r/todayilearned • u/Imbiberr • 3h ago
TIL Cold water has negative calories since your body needs to spend energy to heat it up. By drinking a glass of ice water you'll burn about eight calories.
r/todayilearned • u/HeavyResonance • 6h ago
TIL hippos have a reflex mechanism that allows them to pop up, take a breath, and go back down without waking up so they can sleep underwater.
r/todayilearned • u/DramaGuy23 • 18h ago
TIL that Hawaii was a sovereign self-governing kingdom all the way up until 1893, totally unassociated with the U.S., until a coup d'état that year by 13 businessmen and 162 U.S. troops, with the openly stated goal of annexing the islands. (They succeeded.)
r/todayilearned • u/naomi_homey89 • 14h ago
Today I learned that genuine wasabi is rare and likely not even served in most high-end sushi restaurants. Apparently the real deal is difficult to grow as it’s quite picky and takes approx. three years to mature.
r/todayilearned • u/grandmamimma • 19h ago
TIL Elvis Presley craved the Fool's Gold Loaf, which consists of a hollowed-out loaf of French bread filled with one 1-lb. jar each of creamy peanut and grape jelly and a pound of fried bacon. It packs ~8,000 calories. He and friends once flew from Memphis to Denver to eat 30 of them.
r/todayilearned • u/jamescookenotthatone • 5h ago
TIL Whale falls are a major source of nutrients for the ocean's bathyal or abyssal zones. The remains of an estimated 690,000 whales are being broken down on the ocean floor, with the bodies being picked clean, the skeletons dissolved, and ultimately a reef formed.
r/todayilearned • u/ColleenLoyde • 15h ago
TIL That Elvis Presley's manager sold "I Hate Elvis" badges as a way to make money from people who weren't buying Elvis merchandise
r/todayilearned • u/VengefulMight • 4h ago
TIL of Caratacus who held off the Romans for ten years, using hit and run tactics. Finally he was betrayed and taken prisoner by the Romans, but gave such an eloquent speech, that Emperor Claudius set him free.
r/todayilearned • u/punx3030 • 1h ago
TIL about an obscure Egyptian god named Medjed. The only god depicted as forward facing and having 2 eyes. He also bizarrely gained popularity on the Japanese internet shortly after his discovery.
r/todayilearned • u/SuperMcG • 21h ago
TIL the longest recorded sniper kill was in June 2017, by an unnamed Canadian sniper with a 3,540 m (3,871 yd) shot in the Iraqi Civil War, surpassing a 2009 record by over 1,000 m (1,100 yd).
r/todayilearned • u/bozitybozitybopzebop • 9h ago
TIL Some of the reasons people drive aggressively include a sense of anonymity while driving, feeling more empowered driving than in the rest of their lives, and a feeling that other drivers have previously driven aggressively around them.unece.org
r/todayilearned • u/nomadofwaves • 17h ago
TIL Disney World had its own airport that had a runway that featured a set of grooves, like rumble strips on the side of a highway, that played “When You Wish Upon a Star” when driven over at roughly 45 miles per hour to surprise the airplane passengers.en.wikipedia.org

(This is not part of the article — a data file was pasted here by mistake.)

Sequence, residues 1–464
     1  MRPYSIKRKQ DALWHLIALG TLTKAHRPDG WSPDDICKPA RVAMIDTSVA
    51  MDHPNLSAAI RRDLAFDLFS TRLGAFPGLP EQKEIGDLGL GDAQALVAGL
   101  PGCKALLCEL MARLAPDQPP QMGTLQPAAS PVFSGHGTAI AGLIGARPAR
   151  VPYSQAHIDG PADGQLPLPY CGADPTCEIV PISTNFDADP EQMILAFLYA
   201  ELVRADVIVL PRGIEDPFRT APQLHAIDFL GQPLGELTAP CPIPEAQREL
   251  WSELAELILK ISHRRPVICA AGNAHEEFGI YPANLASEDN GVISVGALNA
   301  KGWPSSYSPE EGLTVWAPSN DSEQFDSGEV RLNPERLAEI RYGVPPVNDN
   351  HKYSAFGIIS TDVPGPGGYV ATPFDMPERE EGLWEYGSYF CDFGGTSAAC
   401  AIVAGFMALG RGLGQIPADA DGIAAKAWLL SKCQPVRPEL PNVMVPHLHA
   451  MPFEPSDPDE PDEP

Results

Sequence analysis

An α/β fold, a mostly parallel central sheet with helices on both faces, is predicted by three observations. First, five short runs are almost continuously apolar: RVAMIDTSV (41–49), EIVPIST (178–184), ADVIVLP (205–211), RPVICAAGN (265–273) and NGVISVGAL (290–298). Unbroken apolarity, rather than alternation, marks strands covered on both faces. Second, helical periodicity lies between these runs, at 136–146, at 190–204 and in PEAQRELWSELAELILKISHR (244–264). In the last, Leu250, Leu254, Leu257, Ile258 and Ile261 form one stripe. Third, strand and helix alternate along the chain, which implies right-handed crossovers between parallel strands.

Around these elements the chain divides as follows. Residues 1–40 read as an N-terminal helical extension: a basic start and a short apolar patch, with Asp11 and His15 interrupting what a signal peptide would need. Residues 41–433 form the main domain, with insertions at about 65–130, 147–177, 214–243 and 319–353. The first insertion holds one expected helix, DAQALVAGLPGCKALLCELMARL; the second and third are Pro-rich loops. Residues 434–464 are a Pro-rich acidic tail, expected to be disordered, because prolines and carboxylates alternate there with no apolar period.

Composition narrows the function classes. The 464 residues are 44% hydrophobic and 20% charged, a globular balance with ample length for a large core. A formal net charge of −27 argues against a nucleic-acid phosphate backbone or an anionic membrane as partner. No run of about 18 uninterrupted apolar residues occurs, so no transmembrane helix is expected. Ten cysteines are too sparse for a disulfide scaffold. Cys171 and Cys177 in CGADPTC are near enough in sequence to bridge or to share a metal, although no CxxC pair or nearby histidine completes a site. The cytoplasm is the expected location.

r/todayilearned • u/VengefulMight • 7h ago
TIL that Stephen III of Moldavia handed the Ottoman Empire one of its greatest losses in 1475, despite being heavily outnumbered. After the battle, Stephen fasted for forty days and banned people from praising him for his success, saying that it belonged to God alone.
r/todayilearned • u/The_Dotted_Leg • 1d ago
TIL A casino can just kick you out if you win to much even if you are not cheating or doing anything wrong.shouselaw.com
r/todayilearned • u/slk756 • 5h ago
TIL Copyleft is a thing - It's the legal name for a license allowing free use and modification of work. And yes, it has a symbol that is a rotated copyright mark.
r/todayilearned • u/The_Good_Count • 1d ago
TIL: The 62 books in the mainline Goosebumps series were published in only 53 months. RL Stine published more than a book a month for almost five years.en.wikipedia.org
r/todayilearned • u/Seamus-Malekafzali • 15h ago
TIL the reason why the Declaration of Independence is so faded isn't solely its age. In the 1800s, it was placed in front of a large window in the US Patent Office for 35 years.
r/todayilearned • u/TB_Mumpitz • 3h ago
TIL, that because Mars father is Jupiter and Jupiters father is Saturn, Johann Bode proposed that the 7th planet should be named after Jupiters father. Bode was unaware of the fact that Uranus was the greek and not roman god. There are now 6 planets named after roman gods and 1 named after a greek.
r/todayilearned • u/Roguecop • 19h ago
TIL about the void that forms under certain trees when it snows, called tree wells. The upper branches of the tree prevents snow from falling below it, creating a pocket that is a serious peril for skiers & snow boarders. Several die every year from falling head first into these voids.
r/todayilearned • u/First_Level_Ranger • 2h ago
TIL that limelight is a type of lighting once used for stages. Intense illumination is created when a flame fed by oxygen and hydrogen is directed at a cylinder of quicklime. Long since replaced by electric lighting, the term has survived; someone in the public eye is said to be "in the limelight."
r/todayilearned • u/billyboysuedo • 19h ago
TIL baby giraffes fall 6 feet to the ground they are born. The fall doesn’t hurt them, but snaps the umbilical cord and tears the amniotic sack, with the shock of the fall stimulating the baby to take its first breath.
r/todayilearned • u/Ksumatt • 1d ago
TIL The Aristocrats joke gained public attention when Gilbert Gottfried told it in an attempt to win back the audience after his 9/11 joke at the Friar’s Club was poorly received. For context, this happened 18 days after the attack.en.wikipedia.org
r/todayilearned • u/craigdahlke • 23h ago